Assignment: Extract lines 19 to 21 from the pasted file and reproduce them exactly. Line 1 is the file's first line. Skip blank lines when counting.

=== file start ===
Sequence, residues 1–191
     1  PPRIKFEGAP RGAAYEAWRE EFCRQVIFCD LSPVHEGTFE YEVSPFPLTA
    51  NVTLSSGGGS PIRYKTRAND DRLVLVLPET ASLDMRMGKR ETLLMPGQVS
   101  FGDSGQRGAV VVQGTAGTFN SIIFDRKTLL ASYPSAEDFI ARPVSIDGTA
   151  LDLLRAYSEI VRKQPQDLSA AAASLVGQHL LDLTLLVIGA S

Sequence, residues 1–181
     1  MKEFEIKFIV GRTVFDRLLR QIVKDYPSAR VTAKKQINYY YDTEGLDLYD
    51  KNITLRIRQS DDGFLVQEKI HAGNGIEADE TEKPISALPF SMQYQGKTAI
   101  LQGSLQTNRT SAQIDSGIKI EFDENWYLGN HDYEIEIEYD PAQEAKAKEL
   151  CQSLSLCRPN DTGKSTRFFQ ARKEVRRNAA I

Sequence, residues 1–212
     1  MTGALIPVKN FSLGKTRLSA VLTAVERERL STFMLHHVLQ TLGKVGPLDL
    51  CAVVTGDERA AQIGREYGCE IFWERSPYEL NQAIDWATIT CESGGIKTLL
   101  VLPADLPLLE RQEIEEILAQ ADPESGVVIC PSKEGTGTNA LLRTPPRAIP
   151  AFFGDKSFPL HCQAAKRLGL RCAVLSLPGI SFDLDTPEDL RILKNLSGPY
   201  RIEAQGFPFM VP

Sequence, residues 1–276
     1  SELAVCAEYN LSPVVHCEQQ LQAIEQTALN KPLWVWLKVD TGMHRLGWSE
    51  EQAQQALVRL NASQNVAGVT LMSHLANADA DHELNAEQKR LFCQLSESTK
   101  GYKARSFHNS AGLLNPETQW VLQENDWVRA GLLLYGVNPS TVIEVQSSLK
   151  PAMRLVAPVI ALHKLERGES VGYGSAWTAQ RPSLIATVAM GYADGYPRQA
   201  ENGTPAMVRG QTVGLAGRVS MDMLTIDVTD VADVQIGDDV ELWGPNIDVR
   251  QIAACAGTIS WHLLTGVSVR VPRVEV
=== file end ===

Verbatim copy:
    51  EQAQQALVRL NASQNVAGVT LMSHLANADA DHELNAEQKR LFCQLSESTK
   101  GYKARSFHNS AGLLNPETQW VLQENDWVRA GLLLYGVNPS TVIEVQSSLK
   151  PAMRLVAPVI ALHKLERGES VGYGSAWTAQ RPSLIATVAM GYADGYPRQA